I don’t think this particular TEOTWAWKI disaster will happen in the short-term. But nuclear proliferation is making it seem inevitable, in the long run. North Korea has nuclear bombs and missiles. They apparently don’t have a nuke small enough to fit on a missile, nor a missile with enough range to hit the U.S. But they continue to advance in capabilities. Iran has medium range missiles, and they have been trying to make nuclear weapons for many years now. Eventually, some rogue nation is going to get enough missile range and a powerful enough nuclear bomb to cause an EMP.
EMP is very hard to defend against. If North Korea extends its missile range to include Hawaii — well, it’s a relatively small target for the crude ballistic missiles of North Korea. But with EMP, you don’t need to hit a target, just get the missile high in the atmosphere anywhere in the general vicinity above your target. The results could be devastating to our high-tech society.
Smart phones, laptops, iPads, cable DVR boxes, video game consoles are all just versions of computers, and all are susceptible to EMP. And more and more products in modern life are becoming computerized. Your wind-up watch will work, but your Apple watch will not. Your late-model car probably can’t function without its built-in computer chips. The modern landline phone system is packet-based; it works much like the internet, and depends entirely on computers. And the entire electrical grid will likely be knocked out for months, perhaps years. Life as we know it will change very dramatically.
Transportation will be devastated by EMP. Modern cars cannot function without computer chips to control the engine. Gasoline distribution requires electricity. As we saw after Superstorm Sandy, gas stations were shut down until power was restored. No transportation means people cannot get to the resources they need, and the resources cannot be brought to them, at least not easily. Travel away from the EMP affected area will be difficult also.
Most serious, though, is the possibility that EMP will knock out modern infrastructure for providing food and water.
No more water from the tap means you can’t survive in the city. There is not enough water in “nature” (whatever that means in a city setting) for the high population density. The same will be true in the suburbs. Not enough rain falls on your 1/4 acre lot per year to provide for your family. Rural residents might be able to find water, but they will need to purify it, and at that point the equipment to do so will be scarce and very expensive. There will be a mass exodus from the cities affected by EMP, for lack of water and food.
Suppose that the EMP affects only a portion of the U.S. Most of our food production resources could be unaffected. So the nation is still producing food. But the residents of the affected area will not be able to obtain that food. They will quickly run out of money. Most businesses cannot function without electricity, water, computers, and various supplies. And a food give-away would be chaotic and mostly ineffectual. Plus, the government will be slow to respond.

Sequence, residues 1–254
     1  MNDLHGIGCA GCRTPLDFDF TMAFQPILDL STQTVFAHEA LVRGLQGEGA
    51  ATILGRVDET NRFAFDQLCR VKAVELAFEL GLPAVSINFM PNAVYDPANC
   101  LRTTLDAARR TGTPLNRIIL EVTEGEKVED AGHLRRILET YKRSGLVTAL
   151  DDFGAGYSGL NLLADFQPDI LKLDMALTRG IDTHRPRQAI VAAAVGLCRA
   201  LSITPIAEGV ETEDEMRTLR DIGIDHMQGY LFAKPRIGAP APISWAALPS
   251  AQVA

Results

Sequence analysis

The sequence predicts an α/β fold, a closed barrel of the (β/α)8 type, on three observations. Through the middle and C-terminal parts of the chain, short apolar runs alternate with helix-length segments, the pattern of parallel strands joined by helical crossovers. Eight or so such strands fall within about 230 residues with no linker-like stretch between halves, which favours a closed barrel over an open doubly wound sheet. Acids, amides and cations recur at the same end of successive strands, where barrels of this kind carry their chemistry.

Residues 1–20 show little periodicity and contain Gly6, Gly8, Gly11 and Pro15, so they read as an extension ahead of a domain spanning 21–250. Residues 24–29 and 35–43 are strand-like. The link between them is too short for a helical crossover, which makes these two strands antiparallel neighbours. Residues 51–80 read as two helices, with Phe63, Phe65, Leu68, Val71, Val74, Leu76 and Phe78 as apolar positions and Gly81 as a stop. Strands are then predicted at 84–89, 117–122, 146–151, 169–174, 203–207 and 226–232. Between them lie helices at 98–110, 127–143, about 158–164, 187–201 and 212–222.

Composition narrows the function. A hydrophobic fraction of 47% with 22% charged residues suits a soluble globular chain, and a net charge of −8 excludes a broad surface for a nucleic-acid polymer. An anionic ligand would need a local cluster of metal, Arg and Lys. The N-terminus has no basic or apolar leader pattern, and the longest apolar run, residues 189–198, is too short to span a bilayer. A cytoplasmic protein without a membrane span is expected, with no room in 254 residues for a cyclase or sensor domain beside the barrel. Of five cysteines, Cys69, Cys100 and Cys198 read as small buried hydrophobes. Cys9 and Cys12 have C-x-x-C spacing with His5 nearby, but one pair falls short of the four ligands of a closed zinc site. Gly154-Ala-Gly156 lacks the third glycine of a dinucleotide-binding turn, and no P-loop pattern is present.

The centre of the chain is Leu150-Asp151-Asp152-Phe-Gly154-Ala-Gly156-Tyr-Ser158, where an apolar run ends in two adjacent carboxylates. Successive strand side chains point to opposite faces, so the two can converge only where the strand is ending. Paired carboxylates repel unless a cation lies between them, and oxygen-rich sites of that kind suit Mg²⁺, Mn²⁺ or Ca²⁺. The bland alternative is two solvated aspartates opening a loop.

In rural areas, people will need to grow their own food. If the entire population decides to feed itself by foraging, hunting, and fishing, the area will be depleted of those food resources in a short time. Without irrigation and much in the way of fertilizer, crop yields will be low. Land not previously used for crops will need to be utilized, and agricultural machinery will be lacking. I estimate that at least 4 acres of land will be needed, per person, to feed the population — and then only if the land is used efficiently. Cities and suburban areas will not have enough land.
In fact, the entire United States might not have enough arable land to feed our population without modern agriculture. At 321 million persons and 4 acres of land per person (due to reduced crop yields and the lack of mechanized agriculture), we would need 1.284 billion acres of arable land. The U.S. currently has 383.3 million acres of arable land. That’s 30% of what we would need.
Arable land is defined as: land used for annual crops, temporary meadows for mowing or for pasture, land under market or kitchen gardens, and land temporarily fallow. It excludes land used for tree crops (nuts, fruits); but those crops do not produce many calories per acre per year.
Now we could convert land that is not currently considered “arable”, including lawns, fields owned by private or government entities, and undeveloped areas. But that type of conversion to agricultural use is difficult without machinery. You have to till the soil by hand, and amend it with fertilizer (which will be hard to obtain). There is enough undeveloped land in the U.S. But it would take years to convert enough of it for crops use.
Another problem is land versus population distribution. Much of our cropland is in rural areas of the nation. So where we have a high population density, there is little cropland. And where we have large amounts of cropland, we have relatively few people. Without mechanized agriculture, the rural population cannot continue to grow food for the nation. Without efficient means of transportation, any food grown cannot be distributed to population centers. And if we move people to where the food is, there are not enough homes for them to live in.
Modern agriculture uses machinery to grow vast amounts of food from relatively few workers. When a nation grows food mainly by manual labor, at least half the workforce needs to work in agriculture. In the U.S., about 3% of the workforce is in agriculture. If an EMP (or other disaster) forces us to switch to manual labor agriculture, we will not have the workforce. Even if people are willing, most have no knowledge or experience in growing food.
So if EMP strikes this nation, loss of internet, computers, and smart phones will be the least of our problems. Thirst and starvation will be the main issues.